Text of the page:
Patients with NPS generally lead ordinary lives but will need close monitoring and surveillance. Those with nephropathy that progresses to end-stage renal disease may require a transplant. Consequently, they do well afterwards.


The etiology of NPS is due to mutations in LMX1B gene, which is a homeobox transcription factor that plays a significant role in the development of limbs, kidneys, and eyes. Specifically, this gene controls the dorsal-ventral pattern of embryological development [3] [4]. Approximately 80% of those with NPS inherited it from an affected parent. One study showed that 87.5% of NPS patients inherited the disorder while the remainder were sporadic. [5]. 


The incidence of NPS is 22 per 1,000,000 population [6]. There is no gender preference in NPS. Abnormalities of nails, knees, and elbows are usually found at birth. However, patellar deformities are noted in childhood while renal manifestations can develop at any age. Also, glaucoma usually develops in adulthood.

Sex distribution
Age distribution


NPS occurs as a result of a mutated transcription factor. Various bones are affected such as the patella, ilium, radius, and humerus. Additionally, the nails are affected. Severe features include nephropathy and glaucoma [7]. Approximately 30% to 55% develop nephropathy [5] and about 5% of those with nephropathy progress to end-stage renal failure. It is thought that pathogenic variants of the LMX1B genes may be linked to proteinuria


This disease cannot be avoided since it is genetic. However, renal problems and eye abnormalities such as glaucoma could be prevented with close surveillance. Hence, it is paramount for the patient to maintain close follow up with the medical team. Individuals with NPS and their family members may undergo genetic counseling and testing to learn about their chances of inheriting the disease and what NPS entails for future offspring.


Nail-Patella Syndrome (NPS), an autosomal dominant disorder, is characterized by a gene mutation in the transcription factor LMX1B, which results in deformity of nails and bones. Specifically, NPS affects bones in the knees, hips, and elbows. While some presentations are mild and benign, the sequelae vary from one individual to another [1] [2]. Complications include nephropathy and glaucoma.

Diagnosis is achieved through a comprehensive history and physical. Furthermore, it is pertinent to test for any renal or ocular disease through appropriate studies. Early identification of abnormalities results in more prompt treatment and delay of progression. Therefore, surveillance such as annual blood pressure measurement and studies assessing for proteinuria are highly recommended.

Therapy depends on the clinical picture. For individuals with bone deformities, physical therapy and surgical interventions may be indicated. Also, patients with nephropathy or glaucoma will be treated with appropriate medications. Most people commonly lead normal lives but should adhere to close follow up appointments with the medical team.

Patient Information

Nail-Patella Syndrome (NPS) is a disorder due to a mutated gene called LMX1B, which is involved in developing the limbs. NPS is an autosomally dominant disease. This means that one of the parents has a copy of the mutated gene and copy of the good gene. Therefore, there is a 50% chance of passing it to a child. 

This disease affects nails, bones and may even cause problems with kidneys and eyes. Usually, the presentation is at birth. Other cases present in childhood or later. Some individuals will have mild symptoms and signs while others may have more serious ones. The features are:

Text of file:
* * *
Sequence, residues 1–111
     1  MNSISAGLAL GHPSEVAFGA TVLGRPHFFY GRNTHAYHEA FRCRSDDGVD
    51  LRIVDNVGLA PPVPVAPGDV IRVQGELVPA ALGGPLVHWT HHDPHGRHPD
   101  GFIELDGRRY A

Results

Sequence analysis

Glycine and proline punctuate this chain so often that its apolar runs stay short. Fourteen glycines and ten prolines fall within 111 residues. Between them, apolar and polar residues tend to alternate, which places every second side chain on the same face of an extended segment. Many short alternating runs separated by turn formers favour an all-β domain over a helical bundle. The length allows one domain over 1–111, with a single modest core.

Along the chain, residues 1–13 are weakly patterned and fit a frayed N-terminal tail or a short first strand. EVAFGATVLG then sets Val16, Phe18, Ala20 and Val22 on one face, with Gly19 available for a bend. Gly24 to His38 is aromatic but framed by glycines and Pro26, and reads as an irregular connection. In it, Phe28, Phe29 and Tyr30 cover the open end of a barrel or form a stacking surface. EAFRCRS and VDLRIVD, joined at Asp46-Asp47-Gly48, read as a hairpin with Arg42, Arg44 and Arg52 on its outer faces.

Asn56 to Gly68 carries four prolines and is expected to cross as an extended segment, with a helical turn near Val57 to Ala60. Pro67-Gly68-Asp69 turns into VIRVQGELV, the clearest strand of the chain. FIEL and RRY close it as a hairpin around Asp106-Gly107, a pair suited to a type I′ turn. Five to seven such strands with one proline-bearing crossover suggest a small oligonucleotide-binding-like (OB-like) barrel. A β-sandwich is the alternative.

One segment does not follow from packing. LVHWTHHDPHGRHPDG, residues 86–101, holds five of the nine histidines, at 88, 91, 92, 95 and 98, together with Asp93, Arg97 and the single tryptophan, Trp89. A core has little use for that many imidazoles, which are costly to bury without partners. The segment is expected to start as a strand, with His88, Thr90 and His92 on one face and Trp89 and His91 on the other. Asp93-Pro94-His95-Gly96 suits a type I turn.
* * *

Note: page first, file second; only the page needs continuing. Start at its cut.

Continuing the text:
• Nails are usually small, ridged, split, thickened, discolored or may be completely absent. 
  • Abnormal nails are most commonly found on the thumbs, index, and middle fingers. 


  • One or both patellas (kneecaps) may be abnormal, they could be too small or irregularly shaped.
  • Patella may be dislocated and deformed or even absent in one or both legs. The legs may even be bow legged.
  • There is knee pain, instability, and possibly limited movement.
  • In affected elbows, there is the inability to extend the arm and the elbow may angle outwards.


  • Some patients will have protein in their urine without any clinical symptoms. In a small percentage of patients, this may progress to serious problems such as kidney failure although it is rare. 


  • Some patients have glaucoma, which is increased pressure in the eye. Cataracts and other abnormalities may also occur.




  • Some patiemts will feel cold hand and feet due to inadequate blood supply.

Diagnosis depends on a thorough medical history of the patient and the patient’s family members as well as a detailed exam of the patient. Certain signs of NPS such as hip bone abnormalities can be seen on prenatal ultrasound. Also, X-rays or other imaging can detect abnormalities.

Early intervention to provide support and physical therapy is also impotant. In addition, the patient will have regular follow up appointments. The doctor will monitor blood pressure and perform urine tests to check for protein. Children and adolescents are checked for scoliosis. Also recommended are dental exams twice a year and eye exams to check for glaucoma, cataracts, and other eye problems. Treatment is reserved for signs and symptoms. 

Genetic counseling for the affected individual and family is available and usually beneficial. This involves assessment and discussion of passing on the disorder to future offspring. Parents can make informed decisions under the guidance of a medical professional. Genetic testing may be offered as well. Overall patients live normal lives, but close follow up is the key. 


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  2. Turner JW. An hereditary arthrodysplasia associated with hereditary dystrophy of the nails. Journal of American Medical Association. 1933;100(12):882–4.
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  9. Feingold M, Itzchak Y, Goodman RM. Ultrasound prenatal diagnosis of the nail-patella syndrome. Prenatal Diagnosis. 1998; 18(3):854–6.
  10. Chan PC, Chan KW, Cheng IK, et al. Living-related renal transplantation in a patient with nail-patella syndrome. Nephron. 1988; 50(2):164–6.

Media References

  1. Nailpatellakleur1fotojanwij, CC BY-SA 3.0